Some would say that the triple distillation of Irish whiskey removes complexity. [Stephen: “What!? Who says this?” Bill: “¯\_(ツ)_/¯”] They are wrong. The nose presents us with the most remarkable picnic: hints of sausage, car bumper rust, and fermenting kiwi peel left inside a child’s backpack in the spring but not noticed until the fall. We also found celery salt, the beaded part of a flapper’s skirt, and several boudoir sachets left in a trousseau. You don’t even have to be fond of celery salt erotica to be intrigued by this nose! [Bill: “¯\_(ツ)_/¯”]
The mouth snaps the variegated nose into focus with round and balanced notes. We get braided corn silk made into a Shriners hat for a baby doll. She rides in the side car of a Zündapp KS 750 with a look of perpetual surprise on her face. We were surprised by a fleeting note of rosemary-infused cream. We all thought that if it were bottled at 50% ABV, it would make a fantastic roast turkey injection marinade. All I know is that I wouldn’t object to some subcutaneous shenanigans with a bottle of this at my side.
The finish purrs along like the Zündapp engine accelerating through mountain switchbacks on a sunny day. I’m chewing on willow bark while braiding wicker chair bottoms. This is not to say that the finish is too woody. We get tannins, but not acids, and there’s no tartness puckering my smile. Instead I taste the pure pleasure of a long ride on a reliable steed.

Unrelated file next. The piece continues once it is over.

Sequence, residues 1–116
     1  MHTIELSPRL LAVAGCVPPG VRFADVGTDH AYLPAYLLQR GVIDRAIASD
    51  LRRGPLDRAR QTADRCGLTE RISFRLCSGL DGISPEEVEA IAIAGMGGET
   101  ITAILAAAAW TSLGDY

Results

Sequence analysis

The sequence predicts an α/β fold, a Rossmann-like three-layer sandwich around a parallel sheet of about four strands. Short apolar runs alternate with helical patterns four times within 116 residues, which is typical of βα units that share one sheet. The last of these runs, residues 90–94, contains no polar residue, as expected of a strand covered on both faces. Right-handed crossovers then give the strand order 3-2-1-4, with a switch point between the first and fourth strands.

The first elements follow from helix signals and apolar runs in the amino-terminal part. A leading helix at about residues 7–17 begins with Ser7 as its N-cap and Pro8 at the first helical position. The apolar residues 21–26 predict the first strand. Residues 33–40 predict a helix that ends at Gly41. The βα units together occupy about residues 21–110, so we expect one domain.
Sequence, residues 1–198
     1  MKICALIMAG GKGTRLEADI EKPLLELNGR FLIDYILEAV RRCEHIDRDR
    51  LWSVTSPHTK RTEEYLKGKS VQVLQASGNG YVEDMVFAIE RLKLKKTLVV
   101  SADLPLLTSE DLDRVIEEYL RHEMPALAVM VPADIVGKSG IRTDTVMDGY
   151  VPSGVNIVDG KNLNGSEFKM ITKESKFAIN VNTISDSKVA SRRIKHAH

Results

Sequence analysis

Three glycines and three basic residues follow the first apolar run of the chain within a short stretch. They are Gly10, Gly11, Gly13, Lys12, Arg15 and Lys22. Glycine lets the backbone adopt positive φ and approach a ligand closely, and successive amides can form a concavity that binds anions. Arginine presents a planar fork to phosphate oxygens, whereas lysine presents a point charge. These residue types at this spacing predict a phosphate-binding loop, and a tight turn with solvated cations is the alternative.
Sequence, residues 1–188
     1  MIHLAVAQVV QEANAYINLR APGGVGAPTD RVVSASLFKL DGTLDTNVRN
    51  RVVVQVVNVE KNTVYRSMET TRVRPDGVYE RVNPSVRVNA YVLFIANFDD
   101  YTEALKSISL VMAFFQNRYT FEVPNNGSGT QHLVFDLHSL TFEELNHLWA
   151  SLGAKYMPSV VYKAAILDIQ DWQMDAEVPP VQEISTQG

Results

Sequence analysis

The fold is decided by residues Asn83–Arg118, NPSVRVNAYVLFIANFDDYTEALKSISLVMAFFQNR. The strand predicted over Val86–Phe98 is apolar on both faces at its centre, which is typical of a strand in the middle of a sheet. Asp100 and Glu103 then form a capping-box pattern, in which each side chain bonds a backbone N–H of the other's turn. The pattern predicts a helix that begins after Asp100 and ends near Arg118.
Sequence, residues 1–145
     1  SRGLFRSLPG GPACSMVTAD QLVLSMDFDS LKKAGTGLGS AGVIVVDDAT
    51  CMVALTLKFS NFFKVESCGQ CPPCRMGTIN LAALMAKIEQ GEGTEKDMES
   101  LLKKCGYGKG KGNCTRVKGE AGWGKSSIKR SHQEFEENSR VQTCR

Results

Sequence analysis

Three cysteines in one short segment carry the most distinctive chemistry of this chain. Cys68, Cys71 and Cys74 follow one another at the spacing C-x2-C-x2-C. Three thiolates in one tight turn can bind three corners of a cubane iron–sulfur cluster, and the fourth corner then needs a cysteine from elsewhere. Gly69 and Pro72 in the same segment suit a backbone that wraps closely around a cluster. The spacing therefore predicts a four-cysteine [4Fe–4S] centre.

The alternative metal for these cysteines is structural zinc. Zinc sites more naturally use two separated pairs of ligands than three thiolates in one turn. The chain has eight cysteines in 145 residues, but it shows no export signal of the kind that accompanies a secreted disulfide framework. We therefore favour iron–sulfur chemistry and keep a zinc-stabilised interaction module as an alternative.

On the scale of facts about Zündapp KS 750–
The Pearse Lyons Distiller’s Choice is the fact that the Zündapp design was so successful that during wartime that BMW was asked to produce them as well–They refused initially, but the outcome was 70% of the parts were interchangeable between the two bikes. It’s clear that the team at Pearse knows how to blend surpassing single malt with grain whiskey to get a fine result, too — albeit one that’s far from interchangeable with others of its kind.
–Our thanks to Pearse Lyons and Engelstad Spirits for the sample!